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DRIVEN ➤ KIA Carens 3, 1.7 CRDi SatNav

21 Jan

By Wayne Gorrett

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Great to drive, versatile seating, durable family-proof interior, comfortable, spacious.
Move along, nothing to see here.

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A brief perspective, if you will: last year I drove 112 cars ranging from mainstream manufacturers such as Ford, Volvo, Peugeot through to niche producers like McLaren, Lotus, Rolls Royce and Maserati – I even enjoyed a summer’s afternoon tootle on the streets of London Town in an original 1959 Jaguar XK150S.

Most cars were very good and a few not so. However, a handful were utterly brilliant – so exceptional that at the end of their evaluation week, I didn’t want to see them go. Let me tell you about one of those – the new KIA Carens.

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What is it?

It’s the fourth generation KIA Carens – a mid-sized, seven seat MPV. It was designed by KIA’s German design chief Peter Schreyer, widely known for his creative contributions to the ubiquitous Audi TT. Following the demise of the Sedona in the European market, the new Carens assumes the position as KIA’s largest MPV. All UK models get seven seats as standard.

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Appearance

Most of us know that ‘sexy’ and ‘MPV’ rarely – if ever – appear in the same sentence. Making an MPV look good can be a challenge. The new Carens is not sexy but it certainly is a looker. It’s the final car across the KIA brand to receive the marque’s upmarket new look, courtesy of Mr Schreyer. With its swept-back lights, daedal creases and LED tail-lights, the new Carens is certainly a big step forward compared to its rather librarian predecessor.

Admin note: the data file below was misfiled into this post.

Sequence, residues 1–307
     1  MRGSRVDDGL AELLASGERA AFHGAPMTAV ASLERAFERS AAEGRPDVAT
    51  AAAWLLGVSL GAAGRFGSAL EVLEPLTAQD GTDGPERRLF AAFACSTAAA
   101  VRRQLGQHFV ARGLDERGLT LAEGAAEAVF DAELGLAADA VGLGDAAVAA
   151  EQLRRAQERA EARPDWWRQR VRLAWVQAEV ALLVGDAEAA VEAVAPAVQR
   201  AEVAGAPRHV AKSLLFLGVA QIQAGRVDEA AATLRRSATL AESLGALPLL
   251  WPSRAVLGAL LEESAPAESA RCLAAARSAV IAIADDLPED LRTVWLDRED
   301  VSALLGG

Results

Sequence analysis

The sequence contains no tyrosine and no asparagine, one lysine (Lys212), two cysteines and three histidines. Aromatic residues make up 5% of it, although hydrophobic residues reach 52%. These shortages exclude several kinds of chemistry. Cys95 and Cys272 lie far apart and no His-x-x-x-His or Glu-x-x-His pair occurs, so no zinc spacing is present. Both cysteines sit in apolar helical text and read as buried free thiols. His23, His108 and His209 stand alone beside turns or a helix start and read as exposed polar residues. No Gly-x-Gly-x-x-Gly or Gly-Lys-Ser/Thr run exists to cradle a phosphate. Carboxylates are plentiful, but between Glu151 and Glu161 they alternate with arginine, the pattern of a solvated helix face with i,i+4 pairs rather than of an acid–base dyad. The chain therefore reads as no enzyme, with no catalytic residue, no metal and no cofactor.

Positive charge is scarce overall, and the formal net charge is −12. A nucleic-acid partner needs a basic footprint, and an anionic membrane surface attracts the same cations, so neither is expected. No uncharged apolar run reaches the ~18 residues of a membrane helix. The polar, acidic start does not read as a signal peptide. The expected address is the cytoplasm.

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Interior

The new Carens is 20mm shorter, 15mm narrower and 45mm lower than its predecessor. Remarkably though, by relocating the A-pillars over the front wheels, and stretching the wheelbase by 50mm, the result is a rather commodious interior.

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Controls and instruments are clearly labelled, logically arranged, intuitive to use and pleasantly tactile. Importantly, all the ‘daily touch’ plastics and seat levers feel tough enough to cope with the abuse they’re likely to receive in a family run-around. The range of seat and steering wheel adjustment is expansive in arriving at a comfortable driving position and all-round visibility is excellent.

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The Carens has three full-size middle-row seats that can be slid and reclined independently. Third-row space is also competitive, which means kids and smaller adults will fit. The boot is big and all five rear seats – plus the front passenger seat – can be folded down to leave a flat cars-length load area.

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Storage and stow-away places are plentiful throughout the cabin and a masterful touch is the bespoke underfloor storage space for the rear load cover when all seats are upright.